Flu outbreak was created by wet weather and Covid restrictions, leading to medicine shortage


Why thousands of Australians are getting sick with a ‘super flu’ that’s NOT Covid – after lockdowns and travel restrictions cause low immunity amid a major change to mask rules

  • Epidemiologist Catherine Bennett said weather and Covid created flu outbreak
  • She said wet weather kept people indoors while restrictions lowered immunity
  • Pharmacists and Woolworths reported a shortage of flu medicine and essentials
  • States are set to lift mask mandates from airport terminals by this Friday, June 17 

Covid lockdowns and travel restrictions have left Australians with low immunity as the country faces a record-breaking flu season.

Chair in Epidemiology at Deakin University Professor Catherine Bennett told Daily Mail Australia Covid restrictions coupled with unseasonable weather are responsible for the 87,989 flu cases reported early this season.

‘After two low flu seasons, in fact virtually no season in 2021, we don’t have the usual cross immunity from recent exposure,’ she said.

‘We had an early start to the flu season this year, partly because as international border restrictions and isolation requirements eased, travellers brought the virus from other countries still coming out of winter.

Australia's massive spike in flu cases is likely due to low immunity because of Covid restrictions and wet weather keeping people indoors

Australia’s massive spike in flu cases is likely due to low immunity because of Covid restrictions and wet weather keeping people indoors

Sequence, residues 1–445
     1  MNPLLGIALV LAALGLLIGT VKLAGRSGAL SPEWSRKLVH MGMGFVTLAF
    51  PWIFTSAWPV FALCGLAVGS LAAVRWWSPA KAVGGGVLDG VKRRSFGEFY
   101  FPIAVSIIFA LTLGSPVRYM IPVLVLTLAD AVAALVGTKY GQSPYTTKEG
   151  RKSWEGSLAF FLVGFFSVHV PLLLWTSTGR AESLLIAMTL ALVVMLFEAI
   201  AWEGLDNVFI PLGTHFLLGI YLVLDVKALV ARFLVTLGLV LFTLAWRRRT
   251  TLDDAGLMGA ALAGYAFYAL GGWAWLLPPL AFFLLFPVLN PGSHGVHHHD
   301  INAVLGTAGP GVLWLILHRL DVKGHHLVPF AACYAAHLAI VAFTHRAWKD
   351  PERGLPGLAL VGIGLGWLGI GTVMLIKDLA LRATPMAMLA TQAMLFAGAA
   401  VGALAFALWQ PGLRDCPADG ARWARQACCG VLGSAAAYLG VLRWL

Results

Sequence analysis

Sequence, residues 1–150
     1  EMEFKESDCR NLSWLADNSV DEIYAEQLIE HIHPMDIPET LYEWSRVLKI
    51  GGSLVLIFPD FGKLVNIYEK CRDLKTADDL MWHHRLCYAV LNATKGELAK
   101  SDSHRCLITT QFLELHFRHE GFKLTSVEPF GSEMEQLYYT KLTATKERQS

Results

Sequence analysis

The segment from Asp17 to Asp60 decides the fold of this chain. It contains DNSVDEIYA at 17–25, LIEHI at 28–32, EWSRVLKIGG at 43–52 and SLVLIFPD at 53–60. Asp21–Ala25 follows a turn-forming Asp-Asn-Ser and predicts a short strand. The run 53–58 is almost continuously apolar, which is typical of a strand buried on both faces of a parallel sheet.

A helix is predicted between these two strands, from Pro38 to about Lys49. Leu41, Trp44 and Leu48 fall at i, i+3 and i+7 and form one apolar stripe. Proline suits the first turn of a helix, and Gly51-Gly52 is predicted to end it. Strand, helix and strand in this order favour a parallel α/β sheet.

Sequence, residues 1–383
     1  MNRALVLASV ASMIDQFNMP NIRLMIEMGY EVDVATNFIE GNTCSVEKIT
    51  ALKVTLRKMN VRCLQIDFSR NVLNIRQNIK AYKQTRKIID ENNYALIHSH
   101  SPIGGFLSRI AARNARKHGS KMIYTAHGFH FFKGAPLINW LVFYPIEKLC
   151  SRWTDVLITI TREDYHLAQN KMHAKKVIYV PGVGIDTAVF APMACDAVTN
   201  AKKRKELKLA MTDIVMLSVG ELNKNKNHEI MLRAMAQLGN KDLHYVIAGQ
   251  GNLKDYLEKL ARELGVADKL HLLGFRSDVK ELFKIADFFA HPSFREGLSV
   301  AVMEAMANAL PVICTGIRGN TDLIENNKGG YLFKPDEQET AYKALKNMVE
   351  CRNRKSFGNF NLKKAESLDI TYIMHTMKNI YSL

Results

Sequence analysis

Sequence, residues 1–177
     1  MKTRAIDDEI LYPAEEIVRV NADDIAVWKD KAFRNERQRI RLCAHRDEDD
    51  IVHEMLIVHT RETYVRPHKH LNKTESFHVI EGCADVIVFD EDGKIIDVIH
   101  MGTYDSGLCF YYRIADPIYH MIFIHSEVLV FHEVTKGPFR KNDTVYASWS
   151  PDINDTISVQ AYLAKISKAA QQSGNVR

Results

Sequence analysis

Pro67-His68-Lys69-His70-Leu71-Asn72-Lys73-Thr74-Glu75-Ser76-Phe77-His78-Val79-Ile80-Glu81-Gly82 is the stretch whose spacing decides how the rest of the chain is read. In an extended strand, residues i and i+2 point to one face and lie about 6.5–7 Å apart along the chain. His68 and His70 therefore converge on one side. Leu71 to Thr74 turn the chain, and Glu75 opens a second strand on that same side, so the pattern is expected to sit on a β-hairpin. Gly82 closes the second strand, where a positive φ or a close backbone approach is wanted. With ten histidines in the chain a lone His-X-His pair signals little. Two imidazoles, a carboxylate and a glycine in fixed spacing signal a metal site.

‘We also had a very wet summer along parts of the east coast which may have helped create indoor mixing conditions that lead to more local spread than usual.’

Dr Bennett added that low flu vaccination rates after mass Covid vaccination schemes could mean people will get more sick, more often.

‘Some people have stopped their flu shots over the last two years,’ she said.

‘This means we have less immunity against infection and may experience more severe illness than in pre-Covid years.’

Doctors recommend people stay on top of their flu and Covid vaccination (above) to avoid catching a severe flu as medicine shortages continue

Doctors recommend people stay on top of their flu and Covid vaccination (above) to avoid catching a severe flu as medicine shortages continue

Chair in Epidemiology at Deakin University Professor Catherine Bennett (above) said eased border restrictions saw the flu begin spreading in Australia earlier than usual

Chair in Epidemiology at Deakin University Professor Catherine Bennett (above) said eased border restrictions saw the flu begin spreading in Australia earlier than usual

With flu medicine running in low supply, Dr Bennett recommends people make the most of available flu vaccines and focus on their general health.     

‘The main thing is to get vaccinated for the flu, if you’re not already. It’s a good match to the current circulating strains so it works well,’ she said.

‘If you get an infection you should watch you don’t get dehydrated and take pain relief for headaches or sore muscles. 

‘If you are feeling very unwell,  seeking doctor’s advice early is important.’

Victorian President of the Pharmacy Guild of Australia Anthony Tassone and Woolworths have warned a sudden surge in flu cases has led to a flu and pain medicine shortage